D.C.'s seven-day average has remained stable for the past week, with averages ranging around the 230 mark. The seven-day average in Maryland has also leveled off around 2,300 new cases daily. In Virginia, cases decreased to 2,651 on Sunday.
Hospitalizations in the region are still high, but no new records were broken Monday. In Virginia, 2,231 residents are currently hospitalized with confirmed cases of COVID-19. In Maryland, the tally is at 1,738. D.C. reports that 232 people were hospitalized as of Sunday.
Local Coronavirus Headlines
- The high level of coronavirus cases is putting stress on Northern Virginia hospitals — and the health care professionals who work there.
- The stress of the pandemic is a grind. A data analysis from the American Dental Association shows a surge in cases of teeth grinding, clenching and cracking during the COVID-19 crisis. The increases are striking and potentially costly and painful for sufferers.
- All Maryland hospitals are expected to receive some COVID-19 vaccines in the next two weeks to begin vaccinating critical frontline staff, a state health official said Tuesday.
- A professor is using the trust Black Americans have in barbers to make them more comfortable with taking the COVID-19 vaccine.
- A rapid antigen test might seem like a great idea when you're in a hurry and don't have time to wait a few days for results, but those tests are really designed for people with COVID-19 symptoms and in asymptomatic patients can deliver false positive results.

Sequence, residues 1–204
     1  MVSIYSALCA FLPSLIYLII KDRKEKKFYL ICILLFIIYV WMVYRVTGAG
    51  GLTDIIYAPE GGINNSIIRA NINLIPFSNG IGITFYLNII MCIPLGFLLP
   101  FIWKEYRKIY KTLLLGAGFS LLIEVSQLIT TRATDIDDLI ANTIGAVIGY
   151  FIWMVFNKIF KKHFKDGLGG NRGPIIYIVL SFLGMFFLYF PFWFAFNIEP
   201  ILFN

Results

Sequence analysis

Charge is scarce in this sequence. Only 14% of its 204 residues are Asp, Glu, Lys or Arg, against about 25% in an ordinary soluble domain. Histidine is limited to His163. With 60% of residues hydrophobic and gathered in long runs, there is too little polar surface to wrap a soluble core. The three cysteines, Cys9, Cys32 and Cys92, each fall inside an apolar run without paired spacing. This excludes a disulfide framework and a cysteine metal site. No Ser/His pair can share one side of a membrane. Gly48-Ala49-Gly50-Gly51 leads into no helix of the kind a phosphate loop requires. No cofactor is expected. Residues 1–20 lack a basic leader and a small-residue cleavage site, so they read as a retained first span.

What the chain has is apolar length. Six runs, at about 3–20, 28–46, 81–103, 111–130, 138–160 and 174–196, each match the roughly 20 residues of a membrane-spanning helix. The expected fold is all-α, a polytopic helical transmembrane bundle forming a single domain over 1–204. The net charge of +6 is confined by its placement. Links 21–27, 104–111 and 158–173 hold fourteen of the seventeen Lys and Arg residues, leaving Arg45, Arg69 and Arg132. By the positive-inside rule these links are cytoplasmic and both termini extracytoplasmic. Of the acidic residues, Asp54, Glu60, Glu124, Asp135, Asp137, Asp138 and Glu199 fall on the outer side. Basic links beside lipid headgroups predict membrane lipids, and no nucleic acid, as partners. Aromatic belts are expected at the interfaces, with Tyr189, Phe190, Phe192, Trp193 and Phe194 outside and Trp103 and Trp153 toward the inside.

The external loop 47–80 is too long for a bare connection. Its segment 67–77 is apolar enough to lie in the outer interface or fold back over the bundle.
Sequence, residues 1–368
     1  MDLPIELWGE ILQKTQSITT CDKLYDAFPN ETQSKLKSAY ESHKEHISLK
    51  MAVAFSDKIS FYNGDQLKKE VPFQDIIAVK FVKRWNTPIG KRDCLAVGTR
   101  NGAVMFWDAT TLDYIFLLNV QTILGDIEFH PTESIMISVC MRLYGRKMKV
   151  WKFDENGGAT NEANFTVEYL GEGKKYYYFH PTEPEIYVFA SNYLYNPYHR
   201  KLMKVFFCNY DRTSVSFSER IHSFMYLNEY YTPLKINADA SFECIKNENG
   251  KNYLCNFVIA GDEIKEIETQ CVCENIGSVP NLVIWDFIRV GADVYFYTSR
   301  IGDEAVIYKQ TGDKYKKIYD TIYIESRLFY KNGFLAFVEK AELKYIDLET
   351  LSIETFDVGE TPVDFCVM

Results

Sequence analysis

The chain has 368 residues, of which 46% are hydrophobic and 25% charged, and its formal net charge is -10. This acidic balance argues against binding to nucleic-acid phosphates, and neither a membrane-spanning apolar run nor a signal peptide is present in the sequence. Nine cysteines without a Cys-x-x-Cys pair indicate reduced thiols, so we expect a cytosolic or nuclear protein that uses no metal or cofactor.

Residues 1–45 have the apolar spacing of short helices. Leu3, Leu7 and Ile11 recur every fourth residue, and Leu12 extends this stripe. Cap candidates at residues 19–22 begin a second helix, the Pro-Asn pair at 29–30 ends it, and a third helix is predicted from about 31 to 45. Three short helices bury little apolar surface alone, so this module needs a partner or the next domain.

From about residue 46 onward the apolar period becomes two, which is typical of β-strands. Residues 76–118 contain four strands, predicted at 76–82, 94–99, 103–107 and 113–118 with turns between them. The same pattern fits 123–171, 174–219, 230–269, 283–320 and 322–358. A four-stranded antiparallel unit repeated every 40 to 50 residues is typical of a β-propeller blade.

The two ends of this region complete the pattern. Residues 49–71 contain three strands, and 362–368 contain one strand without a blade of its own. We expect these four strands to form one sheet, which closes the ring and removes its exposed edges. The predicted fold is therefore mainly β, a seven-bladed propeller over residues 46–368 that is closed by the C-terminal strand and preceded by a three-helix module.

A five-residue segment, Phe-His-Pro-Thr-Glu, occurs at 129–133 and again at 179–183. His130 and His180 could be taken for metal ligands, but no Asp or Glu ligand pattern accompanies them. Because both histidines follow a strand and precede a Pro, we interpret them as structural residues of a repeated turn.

- Help is available for thousands of D.C. residents who have fallen behind on rent payments.
- Maryland Gov. Larry Hogan announced measures to boost the number of available health care workers and plan for more hospital beds.
- COVID-19 numbers continue to paint a dire picture for Black Americans, and there is an ongoing effort in the Black community to increase testing.
- A judge upheld Montgomery County, Maryland's ban on indoor dining.
- D.C. has suspended indoor dining until 5 a.m. on Jan. 15, Mayor Muriel Bowser said in a press release.
- Virginia instituted a curfew and a stricter mask mandate.
- Maryland tightened restrictions on businesses, bars and restaurants.
- All Smithsonian museums and the National Zoo closed because of rising COVID-19 cases, officials announced.
- Hours before some Fairfax County students were set to return to in-person learning, the school district said that they needed to delay the plan.
- Courts throughout Maryland partially shut down due to the pandemic.
- Virginia announced new measures to fight COVID-19 as cases of the virus have spiked across the country.
- Prince George's County tightened restrictions and required masks to be worn outdoors.
- Montgomery County reduced capacity limits at many businesses, including for indoor dining, to 25%.
- D.C.'s mayor extended the city's coronavirus state of emergency to last through the end of the year.
How to Stay Safe
Anyone can get COVID-19. Here are three simple ways the CDC says you can lower your risk:
- Wear a snug-fitting mask that covers your nose and mouth.
- Avoid being indoors with people who are not members of your household. The more people you are in contact with, the more likely you are to be exposed to COVID-19. If you are indoors with people you don’t live with, stay at least six feet apart and keep your mask on.
- Wash your hands often, especially after you have been in a public place.